Taking off the blinders
Could Americans' unawareness of developments overseas turn out to be a major economic disadvantage?
NEW YORK (FORTUNE) - "It is just amazing how parochial Americans are," I heard a voice just in front of me say. "Amazing," agreed another.
We were on a bus full of World Economic Forum participants headed from Davos to the Zurich airport Sunday afternoon. I figured out pretty quickly that I was listening not to arrogant Europeans talking trash, but to a couple of editorial cartoonists from different African countries expressing genuine wonderment.
They were both well-informed fans of American cartooning and comic book art. But they also shared tale after tale of how little their American peers knew of developments beyond their shores. One told of taking a comic-book-illustration class in New York. The instructor asked everyone what their favorite comic book was. When our African artist named the Adventures of Tintin by Belgian genius Hergé, one of the most popular comic-book series in the history of the planet, neither the teacher nor anyone else in the class had ever heard of it.
This was criminal, I agree. It also got me thinking about matters beyond the world of cartooning. It's not just Tintin we don't know about: Americans are on the whole spectacularly unaware of developments overseas, be they technological, political or cultural. Our newspapers and television news broadcasts generally ignore all but the most sensational foreign news. Only 34 percent of us have valid passports (according to a recent survey of over-18 Americans by the Conference Board of Canada). In a world where economic activity is becoming ever more global, could it be that our stay-at-home, self-involved ways will turn out to be a major competitive disadvantage?
I'm generally an optimist about the United States' ability to cope with the economic rise of China and India. Western Europeans have survived the economic rise of the U.S., after all, and in general Americans are more willing than those across the Atlantic to work long hours, take risks and adapt their lives to economic change. But American self-centeredness -- born of oceanic isolation and then nurtured by our rise to global economic, military and cultural dominance in the 20th century -- does seem like it could be a handicap as innovation and economic growth spread through Asia and continue in parts of Europe.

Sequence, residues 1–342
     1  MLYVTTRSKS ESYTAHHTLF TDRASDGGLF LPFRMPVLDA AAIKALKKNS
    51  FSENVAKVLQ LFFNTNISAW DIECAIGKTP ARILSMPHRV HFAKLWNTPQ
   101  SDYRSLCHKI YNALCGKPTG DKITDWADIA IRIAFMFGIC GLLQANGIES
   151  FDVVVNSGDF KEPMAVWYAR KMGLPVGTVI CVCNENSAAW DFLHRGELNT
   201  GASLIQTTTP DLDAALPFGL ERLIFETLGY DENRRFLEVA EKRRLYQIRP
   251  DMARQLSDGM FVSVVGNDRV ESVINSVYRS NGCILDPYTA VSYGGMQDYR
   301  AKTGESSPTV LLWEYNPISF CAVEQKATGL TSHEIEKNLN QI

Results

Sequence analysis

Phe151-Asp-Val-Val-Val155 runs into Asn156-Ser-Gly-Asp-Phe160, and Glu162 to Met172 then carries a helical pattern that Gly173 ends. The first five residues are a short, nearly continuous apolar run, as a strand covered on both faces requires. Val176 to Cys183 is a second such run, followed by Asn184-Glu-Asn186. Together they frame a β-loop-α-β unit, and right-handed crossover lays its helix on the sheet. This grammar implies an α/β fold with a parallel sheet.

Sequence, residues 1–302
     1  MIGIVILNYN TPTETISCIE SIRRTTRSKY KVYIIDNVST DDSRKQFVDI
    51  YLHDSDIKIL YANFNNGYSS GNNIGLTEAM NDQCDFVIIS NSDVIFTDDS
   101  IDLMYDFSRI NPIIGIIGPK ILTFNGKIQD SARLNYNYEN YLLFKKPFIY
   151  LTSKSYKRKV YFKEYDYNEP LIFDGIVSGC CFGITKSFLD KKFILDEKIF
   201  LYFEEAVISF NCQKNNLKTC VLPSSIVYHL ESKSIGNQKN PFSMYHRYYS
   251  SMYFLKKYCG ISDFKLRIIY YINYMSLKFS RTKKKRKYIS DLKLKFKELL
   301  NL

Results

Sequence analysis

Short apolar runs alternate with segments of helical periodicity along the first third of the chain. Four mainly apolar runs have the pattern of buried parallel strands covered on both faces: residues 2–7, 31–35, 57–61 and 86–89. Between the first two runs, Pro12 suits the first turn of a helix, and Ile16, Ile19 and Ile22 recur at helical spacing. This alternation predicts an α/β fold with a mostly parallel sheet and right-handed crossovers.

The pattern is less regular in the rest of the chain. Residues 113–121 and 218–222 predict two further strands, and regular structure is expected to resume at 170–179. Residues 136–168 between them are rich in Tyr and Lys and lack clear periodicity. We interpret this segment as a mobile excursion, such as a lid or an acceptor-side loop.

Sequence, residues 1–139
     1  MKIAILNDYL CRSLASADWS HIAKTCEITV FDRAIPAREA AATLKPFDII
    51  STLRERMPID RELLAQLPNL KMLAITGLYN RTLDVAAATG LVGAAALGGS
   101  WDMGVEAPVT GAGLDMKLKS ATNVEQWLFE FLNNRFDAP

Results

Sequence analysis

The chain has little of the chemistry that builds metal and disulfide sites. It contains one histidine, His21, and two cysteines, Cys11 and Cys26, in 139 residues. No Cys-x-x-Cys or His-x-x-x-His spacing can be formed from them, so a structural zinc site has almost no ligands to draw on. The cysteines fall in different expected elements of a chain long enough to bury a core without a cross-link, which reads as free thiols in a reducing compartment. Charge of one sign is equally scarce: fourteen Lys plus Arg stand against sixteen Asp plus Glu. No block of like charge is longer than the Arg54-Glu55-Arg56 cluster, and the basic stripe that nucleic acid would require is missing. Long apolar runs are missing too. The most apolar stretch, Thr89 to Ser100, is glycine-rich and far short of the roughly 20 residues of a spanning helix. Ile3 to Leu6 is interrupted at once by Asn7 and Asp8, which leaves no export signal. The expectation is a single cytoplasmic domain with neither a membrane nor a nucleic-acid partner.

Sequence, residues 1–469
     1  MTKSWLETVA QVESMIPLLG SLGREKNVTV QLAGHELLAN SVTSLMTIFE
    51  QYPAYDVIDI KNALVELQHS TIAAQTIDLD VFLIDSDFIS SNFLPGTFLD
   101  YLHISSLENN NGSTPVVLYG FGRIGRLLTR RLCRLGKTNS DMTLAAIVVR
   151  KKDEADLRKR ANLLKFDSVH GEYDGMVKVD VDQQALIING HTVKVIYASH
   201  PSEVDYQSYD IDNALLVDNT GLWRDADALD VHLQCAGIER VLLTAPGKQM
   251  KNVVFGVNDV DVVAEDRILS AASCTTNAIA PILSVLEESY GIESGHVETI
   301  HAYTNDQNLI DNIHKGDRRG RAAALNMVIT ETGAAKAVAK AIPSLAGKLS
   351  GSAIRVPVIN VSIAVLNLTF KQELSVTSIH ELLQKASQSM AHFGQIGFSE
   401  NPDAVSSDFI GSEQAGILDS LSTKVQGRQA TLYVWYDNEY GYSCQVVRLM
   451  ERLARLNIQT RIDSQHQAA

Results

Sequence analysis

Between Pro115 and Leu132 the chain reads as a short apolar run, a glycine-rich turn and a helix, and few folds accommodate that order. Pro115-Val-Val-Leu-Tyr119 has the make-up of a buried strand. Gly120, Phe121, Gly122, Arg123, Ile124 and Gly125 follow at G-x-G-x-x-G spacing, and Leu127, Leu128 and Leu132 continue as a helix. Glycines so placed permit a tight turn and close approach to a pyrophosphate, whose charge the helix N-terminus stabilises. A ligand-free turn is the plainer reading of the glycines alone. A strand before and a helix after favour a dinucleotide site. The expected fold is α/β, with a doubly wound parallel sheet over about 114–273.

There are millions of Americans who do care what goes on elsewhere. The U.S. is home to significant subcultures of people who pay fanatical attention to developments in English soccer, Japanese animation, Scandinavian pop music, you name it. Many of our flagship corporations -- from Intel (Research) to Coca-Cola (Research) to Tupperware (Research) -- make most of their money overseas. As a land of immigrants, the United States also adds about a million people each year who are extremely well-informed about at least one foreign country.
In other words, there doesn't seem to be too much danger that American individuals and corporations will fail to find out about and take advantage of new technologies and money-making ideas from abroad. Good ideas will make their way from fringe groups and foreign subsidiaries to the mainstream.
It's in matters determined by a majority vote that this globalization-by-percolation doesn't seem to work so well. Political debates over economic policy in the U.S. assiduously avoid any mention of the world outside. Did you know, for example, that President Bush's plans for Social Security had a lot in common with reforms already enacted in Sweden and Australia? That the U.S. health care system, which spends about twice as much money per capita as those of other developed countries, delivers worse health outcomes (infant mortality, life expectancy, etc.) by almost every measure? That while U.S. personal income taxes are low by international standards, corporate taxes are not?
Maybe you did. But there's little evidence that most members of the U.S. Congress know or care. The scant turnout of U.S. elected officials at Davos this year may even indicate that American politicians fear voter backlash if they appear to be too globally involved. That's even more alarming than not knowing anything about Tintin.